We must also consider the following facts: 1. That we should have had this meeting thirty years ago. Our efforts now are almost like trying to stop and bring back the water that poured over the dam long ago.

2. That we have been without any unified church standard on music until the present time with the exception of that set forth in the writings of Mrs. White, which are excellent but not explicit in detail.

3. The music educators and the ministers of the church usually have seemed to be working in different directions and have become further and further apart in their ideals and goals for the music of the church.

4. We have been so seduced and enamored of the melody and beat of the popular gospel songs that we have lost our sense of worth and value, and seem content to float along with the musical tide, immersed in a sea of sound that seems in danger of engulfing us unless we are able to find a life raft on which to save ourselves and to regain our sense of musical equilibrium.

When we consider all these points as problems it would seem that the task of developing a philosophy of music for the Seventh-day Adventist Church is impossible to accomplish, but with God's help we will find our way around these obstacles.

In the November 24, 1958, issue of Christianity Today there appeared an article by Edward A. Cording entitled "Music Worthy of God." Following are a few quotations taken from the article that express the concern of ministers of other denominations regarding the church music of this generation and their ideas for solutions.

"The spiritual level of the church today is recorded in the type of music and the character of the songs that are sung. If that's true, then the present-day church has hit a new low. Today the catchy tune is the thing which is popular, and frankly you can dance to some present-day church music. On the radio you can't always be sure whether it's a ballad, boogie, bebop, or the latest chorus of the church. Several song writers are getting rich writing this low type of music, a type which appeals to the flesh. It's like taking dope, the more you hear it, the more you want to hear it until you become addicted to it."---Dr. Vernon McGee, Church of the Open Door, Los Angeles.

Where Christianity ought to be worship in the highest sense of the word, it has too often fallen far short of the glory of God through the failure of its music. Where entertainment becomes the goal, it is no mystery why we have a perverted expression of the Christian faith, for the goal of the entertainer and the goal of God's messenger are inherently different. With one, it is what the people want; with the other, it is what they need. We are as guilty in our singing as in our preaching if we declare not the whole counsel of God. living Sablosky, critic, Chicago Daily News.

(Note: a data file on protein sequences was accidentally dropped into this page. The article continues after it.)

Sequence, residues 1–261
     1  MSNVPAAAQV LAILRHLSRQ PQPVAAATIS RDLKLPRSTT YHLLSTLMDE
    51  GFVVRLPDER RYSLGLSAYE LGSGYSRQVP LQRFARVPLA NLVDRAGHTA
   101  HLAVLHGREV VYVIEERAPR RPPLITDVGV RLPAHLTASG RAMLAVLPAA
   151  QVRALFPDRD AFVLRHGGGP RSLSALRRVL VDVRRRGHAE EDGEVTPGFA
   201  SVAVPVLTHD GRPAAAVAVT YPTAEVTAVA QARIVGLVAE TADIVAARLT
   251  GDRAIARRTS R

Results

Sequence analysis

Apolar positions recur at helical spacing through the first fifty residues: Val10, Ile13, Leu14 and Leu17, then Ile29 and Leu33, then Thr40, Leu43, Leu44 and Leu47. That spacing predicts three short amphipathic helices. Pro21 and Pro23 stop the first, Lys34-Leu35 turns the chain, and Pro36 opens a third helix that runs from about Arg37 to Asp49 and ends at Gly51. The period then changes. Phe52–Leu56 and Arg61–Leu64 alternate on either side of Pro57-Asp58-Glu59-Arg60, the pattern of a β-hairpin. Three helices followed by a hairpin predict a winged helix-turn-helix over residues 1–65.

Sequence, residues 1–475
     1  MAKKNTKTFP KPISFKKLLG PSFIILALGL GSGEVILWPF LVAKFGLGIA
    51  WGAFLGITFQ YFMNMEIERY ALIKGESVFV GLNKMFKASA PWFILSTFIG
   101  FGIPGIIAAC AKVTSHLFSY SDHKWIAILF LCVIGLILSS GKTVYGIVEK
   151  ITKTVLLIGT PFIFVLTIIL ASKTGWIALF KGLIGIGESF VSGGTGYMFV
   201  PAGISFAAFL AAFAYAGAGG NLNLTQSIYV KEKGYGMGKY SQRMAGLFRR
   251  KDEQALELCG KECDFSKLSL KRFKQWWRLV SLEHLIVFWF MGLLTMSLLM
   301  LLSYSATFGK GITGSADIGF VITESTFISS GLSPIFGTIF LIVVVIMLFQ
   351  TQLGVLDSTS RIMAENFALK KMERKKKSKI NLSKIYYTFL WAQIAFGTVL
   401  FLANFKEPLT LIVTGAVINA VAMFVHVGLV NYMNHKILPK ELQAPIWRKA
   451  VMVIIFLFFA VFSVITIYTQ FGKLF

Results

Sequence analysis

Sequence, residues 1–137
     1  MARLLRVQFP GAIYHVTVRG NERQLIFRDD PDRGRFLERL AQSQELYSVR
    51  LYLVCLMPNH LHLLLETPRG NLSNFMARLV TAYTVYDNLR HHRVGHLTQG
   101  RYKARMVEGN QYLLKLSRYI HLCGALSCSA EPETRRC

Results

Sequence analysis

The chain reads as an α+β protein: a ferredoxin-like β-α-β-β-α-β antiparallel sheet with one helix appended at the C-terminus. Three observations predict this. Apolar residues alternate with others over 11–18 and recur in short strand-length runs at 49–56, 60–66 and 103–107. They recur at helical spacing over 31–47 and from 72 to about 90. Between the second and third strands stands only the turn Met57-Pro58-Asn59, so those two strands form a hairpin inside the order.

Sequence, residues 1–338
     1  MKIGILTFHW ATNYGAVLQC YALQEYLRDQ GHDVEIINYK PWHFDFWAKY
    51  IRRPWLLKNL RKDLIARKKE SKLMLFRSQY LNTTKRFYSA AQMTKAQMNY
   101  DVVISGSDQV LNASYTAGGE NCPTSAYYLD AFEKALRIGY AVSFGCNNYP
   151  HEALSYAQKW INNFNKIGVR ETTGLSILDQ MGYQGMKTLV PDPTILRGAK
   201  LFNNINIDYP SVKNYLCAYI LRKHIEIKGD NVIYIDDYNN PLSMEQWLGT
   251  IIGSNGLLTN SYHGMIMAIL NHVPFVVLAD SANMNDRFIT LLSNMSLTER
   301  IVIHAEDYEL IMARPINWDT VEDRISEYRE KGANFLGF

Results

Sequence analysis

If we keep it well in mind that music in the church is not an end, but a means to an end, we will have less difficulty in charting our path. The end sought is the glory of God, and not the glory of the performer or of his music.

In order to arrive at a conclusion concerning church music it is necessary to consider the many different types of services in our church. We must have hymns of worship for our Sabbath morning service as well as the gospel-type song for use in the services of Sabbath school and prayer meeting. In choosing this second type of religious music great care should be employed in the selection of both words and music so that nothing trite or cheap becomes a part of our services. Music for the youth must be con temporary enough in sound and word to be attractive and meaningful to them but should not include the cheap popular style that has become common. There is nothing inherently wrong with the use of instruments such as guitar, bass, and drums, but guidance and instruction should be given in the way they are used. Great care must be taken so that the elements of rock music do not become a part of our services.

As we struggle to come forth with our own philosophy of music we must keep in mind that the great hymns of the church are those of worship; that the story of salvation and God's love for us is told in the gospel songs; that we must endeavor to cultivate in our church that which is of lasting worth and value, and to discover guidelines whereby we can help the young as they grow. We must not condemn the youth with a "Thou shalt not" when they bring us a way-out version of some religious rock song, but we must help them to find what is good and what can truly bring a spiritual blessing.

With God's help we will have the wisdom to approach the throne of heaven with music that is "simple, melodious, and of praise to God."

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-Chairman of the Department of Fine Arts at Columbia Union College at the time this article was written

January 1973